Getty images is not a newcomer in trading prices versus quantity. Quite the opposite. When a company wants to gain market share in an industry already heavily populated with suppliers, it reduces its cost of doing business to a minimum and slashes prices to force the competition into bankruptcy. Economy of scale, it is called.
They did, and are doing it with editorial where their “all you can use” subscription plan has been highly successful. For about $1,000 a month you can use any and all the images they have on the wire. No questions asked. Selling those subscription in large quantities worldwide has shown to be quite profitable for them, while giving the old mom and pop editorial agencies an almost impossible challenge.
Getty was also in the forefront of the microstock revolution by plunging head first and much deeper than Jupiter Images did. Bargain photography is certainly what Getty knows best.
Now, it is all about midstock. While Alan Meckler says “Midstock sounds exciting but it might already be dead.” , Getty responds by putting as much fire power in it as it can. First in Valueline hosted by the sad looking punchstock website ( the last press release posted dates from 2006) and now with the infamous $49.00 web usage pricing.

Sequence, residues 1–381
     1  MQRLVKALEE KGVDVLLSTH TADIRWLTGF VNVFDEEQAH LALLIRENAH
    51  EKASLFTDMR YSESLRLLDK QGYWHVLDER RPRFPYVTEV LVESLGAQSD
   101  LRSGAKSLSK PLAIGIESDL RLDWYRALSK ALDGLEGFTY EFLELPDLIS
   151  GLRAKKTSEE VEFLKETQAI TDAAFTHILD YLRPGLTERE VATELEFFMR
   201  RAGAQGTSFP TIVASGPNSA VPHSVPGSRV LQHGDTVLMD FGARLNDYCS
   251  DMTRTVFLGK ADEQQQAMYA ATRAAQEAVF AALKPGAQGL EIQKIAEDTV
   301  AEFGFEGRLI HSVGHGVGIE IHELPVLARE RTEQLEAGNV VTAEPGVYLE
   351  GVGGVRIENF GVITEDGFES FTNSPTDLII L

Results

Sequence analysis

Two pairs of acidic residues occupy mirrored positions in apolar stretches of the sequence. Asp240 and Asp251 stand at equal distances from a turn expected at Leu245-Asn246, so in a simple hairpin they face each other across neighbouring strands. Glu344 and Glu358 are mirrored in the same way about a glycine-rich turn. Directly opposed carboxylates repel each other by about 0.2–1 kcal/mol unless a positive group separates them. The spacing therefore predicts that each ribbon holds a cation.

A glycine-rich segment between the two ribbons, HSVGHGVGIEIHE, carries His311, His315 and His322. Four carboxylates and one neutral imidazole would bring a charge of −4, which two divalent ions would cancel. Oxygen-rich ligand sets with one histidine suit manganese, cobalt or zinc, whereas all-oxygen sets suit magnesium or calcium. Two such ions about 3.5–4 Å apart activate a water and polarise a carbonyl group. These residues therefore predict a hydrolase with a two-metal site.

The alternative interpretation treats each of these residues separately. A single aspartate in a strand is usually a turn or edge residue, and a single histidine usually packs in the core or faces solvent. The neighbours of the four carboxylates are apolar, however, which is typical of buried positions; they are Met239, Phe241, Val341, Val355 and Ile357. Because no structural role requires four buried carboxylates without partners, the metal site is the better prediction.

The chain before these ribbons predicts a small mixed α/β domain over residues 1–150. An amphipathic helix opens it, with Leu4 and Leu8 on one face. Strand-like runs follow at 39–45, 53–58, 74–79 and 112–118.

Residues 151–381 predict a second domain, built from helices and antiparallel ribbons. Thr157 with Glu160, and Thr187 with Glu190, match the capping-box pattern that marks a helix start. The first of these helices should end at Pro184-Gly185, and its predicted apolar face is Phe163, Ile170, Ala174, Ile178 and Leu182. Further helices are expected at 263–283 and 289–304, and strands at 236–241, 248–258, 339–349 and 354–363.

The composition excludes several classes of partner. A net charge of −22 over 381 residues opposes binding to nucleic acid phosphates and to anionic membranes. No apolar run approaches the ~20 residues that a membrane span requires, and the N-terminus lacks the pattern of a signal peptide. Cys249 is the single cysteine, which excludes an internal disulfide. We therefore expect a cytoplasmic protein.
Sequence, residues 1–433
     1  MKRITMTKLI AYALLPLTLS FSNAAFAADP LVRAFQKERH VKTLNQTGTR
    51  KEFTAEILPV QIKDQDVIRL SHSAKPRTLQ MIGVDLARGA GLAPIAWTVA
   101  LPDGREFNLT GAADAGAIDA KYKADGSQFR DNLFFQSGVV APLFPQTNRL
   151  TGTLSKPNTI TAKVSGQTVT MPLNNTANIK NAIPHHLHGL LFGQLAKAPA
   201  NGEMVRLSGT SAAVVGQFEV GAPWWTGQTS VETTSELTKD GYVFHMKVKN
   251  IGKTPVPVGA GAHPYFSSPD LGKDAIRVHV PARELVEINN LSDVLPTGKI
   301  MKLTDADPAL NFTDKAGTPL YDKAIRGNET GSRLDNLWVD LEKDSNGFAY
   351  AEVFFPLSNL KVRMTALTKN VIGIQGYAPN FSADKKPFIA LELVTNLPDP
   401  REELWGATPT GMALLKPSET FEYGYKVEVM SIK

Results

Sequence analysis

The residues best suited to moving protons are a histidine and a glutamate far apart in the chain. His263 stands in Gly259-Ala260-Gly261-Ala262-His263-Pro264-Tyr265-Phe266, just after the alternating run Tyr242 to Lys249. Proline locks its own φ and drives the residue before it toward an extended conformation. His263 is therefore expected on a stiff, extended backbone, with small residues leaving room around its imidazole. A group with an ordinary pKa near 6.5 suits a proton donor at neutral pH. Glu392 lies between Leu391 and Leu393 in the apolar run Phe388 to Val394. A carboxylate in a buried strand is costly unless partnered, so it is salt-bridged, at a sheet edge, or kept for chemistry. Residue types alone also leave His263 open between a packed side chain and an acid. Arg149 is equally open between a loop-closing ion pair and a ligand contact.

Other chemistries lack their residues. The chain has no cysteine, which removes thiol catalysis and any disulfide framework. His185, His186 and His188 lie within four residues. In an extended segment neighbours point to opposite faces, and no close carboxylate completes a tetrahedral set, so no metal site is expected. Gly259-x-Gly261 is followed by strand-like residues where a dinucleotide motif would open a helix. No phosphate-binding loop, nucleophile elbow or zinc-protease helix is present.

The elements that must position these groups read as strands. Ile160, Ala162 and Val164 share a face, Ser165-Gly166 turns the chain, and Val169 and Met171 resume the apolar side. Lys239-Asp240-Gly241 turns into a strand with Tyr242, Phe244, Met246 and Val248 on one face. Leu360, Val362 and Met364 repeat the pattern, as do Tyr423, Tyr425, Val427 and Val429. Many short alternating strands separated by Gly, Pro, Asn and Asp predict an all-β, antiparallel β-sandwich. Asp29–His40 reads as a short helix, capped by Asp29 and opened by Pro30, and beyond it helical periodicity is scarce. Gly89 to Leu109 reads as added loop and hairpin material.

Someone is wrong here and we will soon find out who. Surely, Getty did not go along with this pricing without extended reflexion and analysis. It is my experience and my belief that most images on the web are going at about that price already. Yes, a corporate usage for a year on a home page could be priced at $1,000 or more but then, who really purchased such a license. Furthermore, Getty acknowledges that Istock and all other microstocks main market is web usage and thus makes these type of high level pricing forever impossible to achieve.
Getty is now trying to canabilize the microstock market and regain market share with its midstock approach . It is competing directly with all the microstock agencies by offering a similar license for a slightly more expensive pricing in the hope that the quality and the quantity of the offering will attract budget conscious image buyers.
In a way, Getty is the first and only agency firing back at the microstock invasion. While photographers have a right to complain, they should do so by pulling out there images instead of posting endless comments. I do not see this happening. And up to know, I haven’t seen any traditional photo agency taking dramatic measure to attract the new breed of customers that the microstock industry has brought in.
Getty is not the guardian of the photography world, nor does it has ever claimed to be the defender of photographers rights to a fair income. Jonathan Klein famously said years ago at a PACA meeting in New York, “Photo Editors pay my bills, not photographers”, or ssomething close to that. He hasn’t change course.